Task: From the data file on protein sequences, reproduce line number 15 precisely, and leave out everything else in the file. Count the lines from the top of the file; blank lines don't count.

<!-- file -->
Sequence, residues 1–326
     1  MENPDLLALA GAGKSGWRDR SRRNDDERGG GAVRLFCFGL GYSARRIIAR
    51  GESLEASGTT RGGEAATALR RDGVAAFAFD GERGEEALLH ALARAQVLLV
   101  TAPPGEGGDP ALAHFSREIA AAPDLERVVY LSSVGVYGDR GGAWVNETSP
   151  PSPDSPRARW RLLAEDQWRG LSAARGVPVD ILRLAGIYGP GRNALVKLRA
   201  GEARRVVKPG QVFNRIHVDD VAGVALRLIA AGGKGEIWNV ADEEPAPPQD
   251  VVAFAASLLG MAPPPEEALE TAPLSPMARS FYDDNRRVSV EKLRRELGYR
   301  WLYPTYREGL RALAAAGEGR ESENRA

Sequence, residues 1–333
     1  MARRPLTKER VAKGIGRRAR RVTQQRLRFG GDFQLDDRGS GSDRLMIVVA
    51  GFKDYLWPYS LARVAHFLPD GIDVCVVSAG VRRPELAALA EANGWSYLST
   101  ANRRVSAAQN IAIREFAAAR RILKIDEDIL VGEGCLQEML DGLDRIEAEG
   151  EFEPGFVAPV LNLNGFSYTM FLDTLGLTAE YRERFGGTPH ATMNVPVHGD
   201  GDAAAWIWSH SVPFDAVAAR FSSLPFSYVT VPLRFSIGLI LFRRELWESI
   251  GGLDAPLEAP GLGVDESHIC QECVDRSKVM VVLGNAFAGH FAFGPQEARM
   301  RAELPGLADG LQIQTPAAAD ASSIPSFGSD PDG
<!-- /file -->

   251  GGLDAPLEAP GLGVDESHIC QECVDRSKVM VVLGNAFAGH FAFGPQEARM